During the same month that DAZN started in Germany and Japan, Disney paid $1 billion for a one-third share of BAMTech and announced that ESPN would soon operate its first standalone subscription streaming service using BAMTech technology. Then Disney paid an additional $1.6 billion to become BAMTech’s majority owner. Skipper now had the tools to make ESPN a streaming power.
It promised to be a heavy lift. The network couldn’t simply vacuum up rights to the most in-demand sports, put them on a slick online platform, and start charging customers. Although it owned the most valuable portfolio in the U.S.—Skipper himself assembled it, spending about $8 billion annually for Monday Night Football, the NBA, MLB, and many of the most-watched college football and basketball games—ESPN was already selling this programming to pay-TV providers for about $8 per month for every home that got the network. These carrier contracts prevented Skipper from selling the same games directly to consumers.
The number of homes getting ESPN, meanwhile, had fallen from 100 million in 2011 to 87 million in 2017, according to Nielsen Holdings Plc. Even if Skipper could offer the full firehose of ESPN programming via a streaming service, there was little chance of matching the revenue that had flowed through the fast-decaying cable business model. This was the predicament he’d been alluding to when, just before he resigned, he tried to reassure the network’s on-air talent about the “not scary” very scary new world.
In the Hollywood Reporter story, Skipper said that after he resigned, he checked himself into a facility where he got to “understand a bit more about substance use.” He told the interviewer, James Andrew Miller, co-author of the bestselling oral history of ESPN, Those Guys Have All the Fun: “I enjoy a martini, I enjoy a bottle of wine with friends for dinner. I’ve never had an issue with alcohol. You know, I’m an old hippie, and then an old New Yorker from the ’80s.” His addiction, he told Miller, had been cocaine.
Skipper’s first job after he finished a master’s in English literature at Columbia University was as a secretary at Rolling Stonein 1979. Over the next decade, he rose to become publisher of US magazine, which was under the same ownership. “He had a lot of friends,” Rolling Stone co-founder Jann Wenner said in Those Guys Have All the Fun. “In those days it was quite the socially intertwined organization, and people had major parts of their social life totally interconnected with the place, you know, free-flowing cocaine, young people intensely involved with their work. And John fit right in with everybody.” Later, when Skipper became one of the most powerful people in sports, an industry full of former jocks and B-school squares, his Rolling Stone background became part of his persona. He was the charismatic Southerner with a countercultural streak.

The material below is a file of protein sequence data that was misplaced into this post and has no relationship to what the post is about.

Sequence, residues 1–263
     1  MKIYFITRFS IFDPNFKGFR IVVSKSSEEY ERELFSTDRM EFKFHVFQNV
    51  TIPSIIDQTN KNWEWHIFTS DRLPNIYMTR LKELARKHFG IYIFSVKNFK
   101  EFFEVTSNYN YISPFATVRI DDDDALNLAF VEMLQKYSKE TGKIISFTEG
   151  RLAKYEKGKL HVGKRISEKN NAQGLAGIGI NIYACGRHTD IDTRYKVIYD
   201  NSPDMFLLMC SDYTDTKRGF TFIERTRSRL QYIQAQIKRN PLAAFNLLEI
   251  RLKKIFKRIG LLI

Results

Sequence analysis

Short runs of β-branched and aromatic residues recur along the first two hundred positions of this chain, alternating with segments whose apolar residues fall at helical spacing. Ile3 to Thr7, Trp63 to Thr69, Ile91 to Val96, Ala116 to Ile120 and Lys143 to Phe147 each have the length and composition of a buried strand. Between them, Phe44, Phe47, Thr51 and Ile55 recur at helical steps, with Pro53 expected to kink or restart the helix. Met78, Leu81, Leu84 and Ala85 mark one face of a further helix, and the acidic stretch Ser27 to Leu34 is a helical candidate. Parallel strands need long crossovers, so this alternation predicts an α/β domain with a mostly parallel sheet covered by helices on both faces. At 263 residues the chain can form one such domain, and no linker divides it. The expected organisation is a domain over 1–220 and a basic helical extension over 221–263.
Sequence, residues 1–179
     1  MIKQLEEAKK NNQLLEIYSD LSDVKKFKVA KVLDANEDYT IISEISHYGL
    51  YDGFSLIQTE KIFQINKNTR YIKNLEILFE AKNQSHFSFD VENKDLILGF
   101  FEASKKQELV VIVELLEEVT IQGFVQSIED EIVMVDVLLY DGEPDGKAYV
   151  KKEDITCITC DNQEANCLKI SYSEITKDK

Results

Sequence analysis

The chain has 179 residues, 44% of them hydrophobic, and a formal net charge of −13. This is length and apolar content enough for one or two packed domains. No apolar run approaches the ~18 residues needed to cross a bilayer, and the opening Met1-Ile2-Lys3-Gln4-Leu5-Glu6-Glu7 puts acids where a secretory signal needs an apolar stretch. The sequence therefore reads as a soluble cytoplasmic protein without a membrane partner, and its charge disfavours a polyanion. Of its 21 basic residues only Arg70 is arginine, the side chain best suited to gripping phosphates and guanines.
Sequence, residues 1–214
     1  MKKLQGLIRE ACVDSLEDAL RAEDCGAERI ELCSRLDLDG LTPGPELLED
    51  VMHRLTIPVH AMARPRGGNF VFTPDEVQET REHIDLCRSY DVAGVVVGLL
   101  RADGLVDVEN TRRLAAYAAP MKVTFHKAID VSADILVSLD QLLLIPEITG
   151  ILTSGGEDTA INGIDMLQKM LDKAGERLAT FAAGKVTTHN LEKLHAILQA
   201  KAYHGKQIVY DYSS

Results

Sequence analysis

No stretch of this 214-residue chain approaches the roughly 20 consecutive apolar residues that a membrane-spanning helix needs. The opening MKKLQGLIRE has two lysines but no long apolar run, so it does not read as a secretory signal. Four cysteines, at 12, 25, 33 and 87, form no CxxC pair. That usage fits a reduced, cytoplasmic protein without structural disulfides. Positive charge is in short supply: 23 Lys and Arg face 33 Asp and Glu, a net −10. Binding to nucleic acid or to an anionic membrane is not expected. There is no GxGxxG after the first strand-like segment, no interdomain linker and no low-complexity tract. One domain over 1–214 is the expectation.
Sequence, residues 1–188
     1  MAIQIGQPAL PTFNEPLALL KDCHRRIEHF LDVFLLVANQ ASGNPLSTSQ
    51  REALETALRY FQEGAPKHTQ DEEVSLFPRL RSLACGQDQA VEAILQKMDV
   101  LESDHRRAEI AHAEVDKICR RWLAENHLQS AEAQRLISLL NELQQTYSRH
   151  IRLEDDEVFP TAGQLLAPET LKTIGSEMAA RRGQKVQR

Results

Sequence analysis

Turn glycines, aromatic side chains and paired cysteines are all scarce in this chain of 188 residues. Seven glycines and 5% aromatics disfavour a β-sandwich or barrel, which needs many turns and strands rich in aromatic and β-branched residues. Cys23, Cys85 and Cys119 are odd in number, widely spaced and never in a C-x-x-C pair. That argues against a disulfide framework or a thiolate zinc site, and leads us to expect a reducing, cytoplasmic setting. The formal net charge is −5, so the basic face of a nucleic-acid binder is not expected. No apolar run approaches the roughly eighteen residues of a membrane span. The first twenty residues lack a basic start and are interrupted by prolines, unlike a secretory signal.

At a diner on the Upper East Side, not far from where he lives, Skipper remains reluctant to say more about what led to his exit from ESPN. “I regret using the word ‘addiction,’ ” he says. “I had some inappropriate behavior.” As he sees it now, buying cocaine was a manifestation of a deeper set of problems: “I had some underlying matters I needed to deal with, which had created a health problem, which I feel that I’ve satisfactorily resolved.” Is the treatment over? “I’ve turned a new leaf. I feel quite confident in my ability to manage my life in a responsible manner.”
After leaving ESPN, Skipper laid low for a couple of months. He read Under the Volcano by Malcolm Lowry, the story of an alcoholic British diplomat in Mexico, and a Ulysses S. Grant biography. “Taking off is great,” he says, “but when you’re not taking off from anything, you’re not really taking off, you just don’t have anything to do.” When media friends began coming to him for advice, Skipper thought he could make a business of that, but he abandoned the idea after a few days. He didn’t want to tell other people what to do, he realized; he wanted to be the one doing.